Opsec fail allows researchers to track Bangladesh Bank hack to North Korea

The North Koreans were sloppy with their log data scrubbing, according to Kaspersky.
Kim Il-Sung Square, Pyongyang North Korea

A computer in North Korea was used to launch one of the most high profile cyberattacks in recent memory, enabling hackers to break into the Federal Reserve Bank of New York and steal $81 million from Bangladesh Bank, according to new research conducted by Moscow-based Kaspersky Lab.

Kaspersky published original details about the incident Monday during the first day of a security conference hosted by the company on the Caribbean island of St. Maarten.

An apparent and rare operational security mistake made by the advanced hacking group, known as Lazarus Group, allowed researchers to spot a connection that existed between a compromised European server — used by the group to launch its attacks — and an internet address owned by North Korea’s only internet service provider.

The hackers reportedly failed to scrub log files on the European server, leaving a trail of digital bread crumbs back to the foreign computer.


Lazarus’ ties to North Korea are well-documented by myriad of different private sector cybersecurity researchers. In 2014, the FBI also called out Lazarus for hacking into Sony Pictures, providing a rare instance of public attribution by U.S. law enforcement.

Traditionally, Kaspersky will not attribute cyber incidents to any specific threat actor. The new report is no different, though researchers do note that they believe the Federal Reserve breach appears to be related in some manner to North Korea.

The new research report — titled “Lazarus Under the Hood” — at least helps to cement the attribution claims surrounding Lazarus and it showcases additional evidence that the Hermit Kingdom engages in financially motivated cybercrime.

Publicly accessible research authored by a cohort of cybersecurity firms suggests that Lazarus has been active since at least 2009.

The group, which is commonly described as an advanced persistent threat, was actively hacking into European financial institutions as recently as January 2017, Kaspersky researchers found. An exploit commonly attributed to Lazarus, which had been used against targets last year in Poland, was again used in recent bank heists.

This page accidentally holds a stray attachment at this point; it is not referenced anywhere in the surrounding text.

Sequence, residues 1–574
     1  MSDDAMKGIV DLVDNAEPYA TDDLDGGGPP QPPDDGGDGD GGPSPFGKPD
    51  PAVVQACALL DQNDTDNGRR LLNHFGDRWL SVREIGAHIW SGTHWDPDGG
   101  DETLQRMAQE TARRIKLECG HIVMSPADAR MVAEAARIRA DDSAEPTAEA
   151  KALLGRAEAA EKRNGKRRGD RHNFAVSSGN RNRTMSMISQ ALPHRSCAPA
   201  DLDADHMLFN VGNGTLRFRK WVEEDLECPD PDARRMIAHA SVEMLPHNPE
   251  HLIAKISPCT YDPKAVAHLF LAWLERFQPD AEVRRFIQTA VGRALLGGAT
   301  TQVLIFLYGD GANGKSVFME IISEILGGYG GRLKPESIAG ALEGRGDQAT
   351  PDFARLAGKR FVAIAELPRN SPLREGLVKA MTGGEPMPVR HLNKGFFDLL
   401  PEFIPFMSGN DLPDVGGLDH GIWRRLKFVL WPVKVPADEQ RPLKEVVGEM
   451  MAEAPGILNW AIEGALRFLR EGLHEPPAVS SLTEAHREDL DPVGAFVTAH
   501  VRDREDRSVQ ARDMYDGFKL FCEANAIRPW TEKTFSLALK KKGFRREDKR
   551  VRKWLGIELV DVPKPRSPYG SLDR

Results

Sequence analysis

Lazarus has been known to use various different hacking tools, including outdated, publicly known software exploits that only work on older versions of popular products, like Adobe Flash Player and Microsoft Silverlight, to breach companies.

“To date, the Lazarus/Bluenoroff group has been one of the most successful in large scale operations against financial industry,” Kaspersky’s research report reads, “we believe that it will remain one of the biggest threats to the banking sector, finance and trading companies as well as casinos, for years to come.”

Chris Bing

Written by Chris Bing

Christopher J. Bing is a cybersecurity reporter for CyberScoop. He has written about security, technology and policy for the American City Business Journals, DC Inno, International Policy Digest and The Daily Caller. Chris became interested in journalism as a result of growing up in Venezuela and watching the country shift from a democracy to a dictatorship between 1991 and 2009. Chris is an alumnus of St. Marys College of Maryland, a small liberal arts school based in Southern Maryland. He's a fan of Premier League football, authentic Laotian food and his dog, Sam.

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